Common myths about appraising
It is required by legal agencies that an appraiser needs to be state-licensed to produce appraisals for federally-supported real estate purchases in Illinois. Also by law, you are entitled to receive a copy of the finished appraisal report from your lending agency. Contact our professional staff if you have any concerns about the appraisal procedure.
Myth: Assessed value generally will equate to market value.
Fact: It might be that Illinois, like most states, supports the suggestion that the assessed value equals the market value; however, this certainly varies based on state-to-state. Interior reconstruction that the assessor is not aware of and a lack of reassessment on nearby homes are excellent examples of why there might be a differential in price.
Myth: The value of a house will vary depending upon if the appraisal is produced for the buyer or the seller.
Fact: The appraiser has no personal interest in the outcome of the report and should render his job with independence, objectivity and impartiality - no matter for whom the appraisal is written.
Myth: Market value will approximate replacement cost.
Fact: Market value is based on what a willing buyer would be interested in paying a willing seller for a particular home, with neither being under undue influence to buy or sell. If the house were reconstructed, the dollar amount needed to do so would make up the replacement cost.
Myth: Specific formulae, such as the price per square foot of the property, are what appraisers use to ascertain the value of a property.
Fact: An appraisal report is an assertion of data based on the home's size, location, proximity to certain facilities, the condition of the home and the price of recent comparable sales. You can rely on Sutherland Appraisal Services, Inc.'s staff to be honest in assessing this data.
Myth: In a strong economy - when the prices of houses in a given neighborhood are found to be appreciating by a particular percentage - the worth of individual houses in the area can be expected to rise by that same percentage.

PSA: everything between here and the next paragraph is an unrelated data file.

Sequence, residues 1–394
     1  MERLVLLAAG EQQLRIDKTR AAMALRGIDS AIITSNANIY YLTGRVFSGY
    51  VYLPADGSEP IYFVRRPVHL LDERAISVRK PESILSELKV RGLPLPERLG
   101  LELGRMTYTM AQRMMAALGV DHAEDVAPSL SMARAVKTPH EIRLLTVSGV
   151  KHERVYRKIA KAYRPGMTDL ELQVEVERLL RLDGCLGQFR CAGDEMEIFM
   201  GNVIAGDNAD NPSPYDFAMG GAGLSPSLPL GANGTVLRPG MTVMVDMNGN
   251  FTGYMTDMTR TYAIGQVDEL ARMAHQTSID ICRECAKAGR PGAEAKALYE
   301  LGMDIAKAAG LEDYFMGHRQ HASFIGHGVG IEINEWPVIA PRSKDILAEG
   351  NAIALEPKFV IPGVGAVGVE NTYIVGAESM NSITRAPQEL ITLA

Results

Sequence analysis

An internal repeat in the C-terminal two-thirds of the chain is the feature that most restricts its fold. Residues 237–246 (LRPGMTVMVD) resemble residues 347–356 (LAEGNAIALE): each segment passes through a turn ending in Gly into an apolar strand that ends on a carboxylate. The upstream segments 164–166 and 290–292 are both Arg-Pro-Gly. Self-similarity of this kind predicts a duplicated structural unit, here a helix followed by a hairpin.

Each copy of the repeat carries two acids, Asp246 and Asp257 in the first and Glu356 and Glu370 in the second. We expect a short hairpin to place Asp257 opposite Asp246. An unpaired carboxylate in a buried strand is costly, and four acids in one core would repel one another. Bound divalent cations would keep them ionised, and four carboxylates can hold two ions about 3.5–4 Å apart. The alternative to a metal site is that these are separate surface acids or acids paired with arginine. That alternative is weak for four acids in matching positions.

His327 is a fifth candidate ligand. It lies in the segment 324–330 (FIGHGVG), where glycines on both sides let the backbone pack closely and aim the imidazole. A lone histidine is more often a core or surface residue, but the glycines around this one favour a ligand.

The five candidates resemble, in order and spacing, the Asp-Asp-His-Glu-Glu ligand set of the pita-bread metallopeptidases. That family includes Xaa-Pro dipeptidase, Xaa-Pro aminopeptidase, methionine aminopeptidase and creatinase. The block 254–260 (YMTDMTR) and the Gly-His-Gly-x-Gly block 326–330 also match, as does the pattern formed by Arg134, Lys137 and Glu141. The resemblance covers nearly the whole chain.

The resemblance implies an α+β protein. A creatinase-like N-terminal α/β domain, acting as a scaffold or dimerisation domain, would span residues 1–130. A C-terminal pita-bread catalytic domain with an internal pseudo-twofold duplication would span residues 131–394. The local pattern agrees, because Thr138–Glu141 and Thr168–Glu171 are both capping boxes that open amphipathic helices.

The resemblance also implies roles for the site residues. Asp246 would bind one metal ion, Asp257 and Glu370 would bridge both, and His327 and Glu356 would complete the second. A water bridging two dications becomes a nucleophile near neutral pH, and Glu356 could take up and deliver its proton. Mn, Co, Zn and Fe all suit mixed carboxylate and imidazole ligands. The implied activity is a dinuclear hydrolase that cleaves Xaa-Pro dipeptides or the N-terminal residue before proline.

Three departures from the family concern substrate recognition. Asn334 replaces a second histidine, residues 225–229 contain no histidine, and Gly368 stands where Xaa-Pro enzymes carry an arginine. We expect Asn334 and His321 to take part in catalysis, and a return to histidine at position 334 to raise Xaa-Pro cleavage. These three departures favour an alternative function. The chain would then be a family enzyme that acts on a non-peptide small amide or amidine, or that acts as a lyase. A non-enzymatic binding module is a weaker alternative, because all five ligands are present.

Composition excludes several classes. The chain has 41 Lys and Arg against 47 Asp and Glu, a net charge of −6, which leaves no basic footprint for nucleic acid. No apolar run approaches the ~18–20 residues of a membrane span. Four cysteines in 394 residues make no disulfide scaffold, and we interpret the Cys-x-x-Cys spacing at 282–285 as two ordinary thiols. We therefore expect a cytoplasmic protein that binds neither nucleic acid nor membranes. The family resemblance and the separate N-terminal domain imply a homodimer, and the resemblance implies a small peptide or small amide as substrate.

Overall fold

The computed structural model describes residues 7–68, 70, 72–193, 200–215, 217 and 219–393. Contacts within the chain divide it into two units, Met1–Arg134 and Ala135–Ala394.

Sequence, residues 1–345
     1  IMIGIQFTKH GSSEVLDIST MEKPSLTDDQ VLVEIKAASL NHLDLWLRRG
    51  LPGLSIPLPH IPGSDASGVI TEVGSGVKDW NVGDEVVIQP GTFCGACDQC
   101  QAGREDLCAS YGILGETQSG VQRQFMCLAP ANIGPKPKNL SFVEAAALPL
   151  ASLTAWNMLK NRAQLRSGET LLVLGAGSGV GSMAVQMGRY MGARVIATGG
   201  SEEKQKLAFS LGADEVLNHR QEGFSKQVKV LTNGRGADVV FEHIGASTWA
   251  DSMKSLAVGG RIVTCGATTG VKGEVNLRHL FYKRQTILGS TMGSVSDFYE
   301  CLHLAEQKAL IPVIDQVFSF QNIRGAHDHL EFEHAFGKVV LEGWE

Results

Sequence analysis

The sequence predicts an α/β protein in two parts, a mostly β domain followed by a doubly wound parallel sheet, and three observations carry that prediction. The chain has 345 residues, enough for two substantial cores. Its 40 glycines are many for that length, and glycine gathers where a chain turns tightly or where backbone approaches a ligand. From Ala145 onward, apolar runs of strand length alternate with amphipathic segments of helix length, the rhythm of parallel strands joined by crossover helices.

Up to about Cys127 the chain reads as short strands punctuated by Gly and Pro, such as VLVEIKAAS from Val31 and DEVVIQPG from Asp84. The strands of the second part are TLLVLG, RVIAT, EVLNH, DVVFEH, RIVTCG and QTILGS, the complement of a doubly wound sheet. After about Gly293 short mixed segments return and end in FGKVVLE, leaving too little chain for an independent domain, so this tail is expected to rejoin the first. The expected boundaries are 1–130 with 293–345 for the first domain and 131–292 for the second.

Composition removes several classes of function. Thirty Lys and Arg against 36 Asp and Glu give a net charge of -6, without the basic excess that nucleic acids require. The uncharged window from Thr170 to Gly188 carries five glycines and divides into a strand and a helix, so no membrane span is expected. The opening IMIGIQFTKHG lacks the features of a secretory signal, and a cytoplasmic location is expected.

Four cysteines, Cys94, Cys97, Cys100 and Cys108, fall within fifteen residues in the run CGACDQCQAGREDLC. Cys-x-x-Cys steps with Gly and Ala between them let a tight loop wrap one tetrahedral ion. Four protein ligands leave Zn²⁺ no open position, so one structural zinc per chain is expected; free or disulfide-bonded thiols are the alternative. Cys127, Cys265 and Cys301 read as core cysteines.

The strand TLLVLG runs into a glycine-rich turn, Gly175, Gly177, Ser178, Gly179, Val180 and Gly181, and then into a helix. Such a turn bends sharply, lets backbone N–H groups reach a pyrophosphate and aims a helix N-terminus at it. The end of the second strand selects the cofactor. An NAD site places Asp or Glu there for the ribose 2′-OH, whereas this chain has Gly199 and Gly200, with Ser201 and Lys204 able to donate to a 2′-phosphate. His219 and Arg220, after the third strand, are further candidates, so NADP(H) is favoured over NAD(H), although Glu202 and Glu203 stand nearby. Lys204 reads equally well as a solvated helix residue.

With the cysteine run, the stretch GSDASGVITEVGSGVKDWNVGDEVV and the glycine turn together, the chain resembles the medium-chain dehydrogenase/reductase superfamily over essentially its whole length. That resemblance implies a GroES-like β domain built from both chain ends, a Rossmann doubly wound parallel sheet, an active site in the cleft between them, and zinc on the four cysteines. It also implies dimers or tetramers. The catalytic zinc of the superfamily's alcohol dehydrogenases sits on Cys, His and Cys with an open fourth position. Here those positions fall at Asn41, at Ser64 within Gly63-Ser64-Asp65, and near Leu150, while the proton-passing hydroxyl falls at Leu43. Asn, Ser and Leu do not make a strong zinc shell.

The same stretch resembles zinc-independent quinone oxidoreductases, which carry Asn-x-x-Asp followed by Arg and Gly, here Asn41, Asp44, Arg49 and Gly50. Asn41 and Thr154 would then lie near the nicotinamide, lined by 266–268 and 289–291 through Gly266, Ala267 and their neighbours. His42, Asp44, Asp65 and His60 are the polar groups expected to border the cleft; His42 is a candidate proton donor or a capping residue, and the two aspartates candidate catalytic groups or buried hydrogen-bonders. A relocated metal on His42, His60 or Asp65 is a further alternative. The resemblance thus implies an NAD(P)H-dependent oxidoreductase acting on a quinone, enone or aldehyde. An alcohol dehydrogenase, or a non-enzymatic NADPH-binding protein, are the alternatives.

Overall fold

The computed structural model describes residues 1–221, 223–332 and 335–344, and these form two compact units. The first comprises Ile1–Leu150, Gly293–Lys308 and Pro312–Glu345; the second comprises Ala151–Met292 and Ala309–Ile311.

Fact: Price increase of a certain home must be determined on an individualized basis, factoring in data on comparable properties and other relevant elements. It doesn't matter if the economy is on the rise or declining.
Have other questions about appraisers, appraising or real estate in Dupage County or Naperville, IL?Contact our professional staff
Myth: The house's exterior is determinate of the actual worth of the property; it is unnecessary to do an interior inspection.
Fact: To conclude an accurate value beyond all doubt, an appraiser must assess the property on a variety of factors based on location, condition, improvements, amenities, and market trends. There's no possible way to get all of this information from just examining the house from the exterior.
Myth: Since the consumer is the party who provides the money to pay for the appraisal when applying for a loan for any real estate transaction, legally the appraisal belongs to them.
Fact: Unless a lender releases its vestment in the report, it is legally owned by the lending company that purchased the appraisal. Due the Equal Credit Opportunity Act, any consumer requesting a copy of the appraisal report must be provided with one by their lender.
Myth: It doesn't matter to consumers what's in the appraisal report so long as it satisfies the requirements of their lending company.
Fact: Only if home buyers look through a copy of their report can they verify its accuracy and possibly need to question the result. Remember, this is probably the most expensive and important investment a consumer will ever make. An report can serve as a record for the future, containing an incredible amount of data - including, but not limited to the legal and physical description of the property, square footage measurements, list of comparable properties in the neighborhood, neighborhood description and a narrative of current real-estate activity and/or market trends in the proximity.
Myth: Appraisals are ordered only to estimate real estate property values in house sales involving mortgage-lending deals.
Fact: Hiring an appraiser can fulfill a variety of wants depending on the designations and certifications of the appraiser involved; appraisers can provide a variety of different services, including benefit/cost analysis, tax assessment, legal dispute resolution, and even estate planning.
Myth: A property inspection serves the same purpose as an appraisal.
Fact: A home inspection has a completely different purpose than an appraisal. The job of the appraiser is to arrive at an opinion of value in the appraisal process and through producing the report. A home inspector determines the condition of the house and its major components and reports their findings.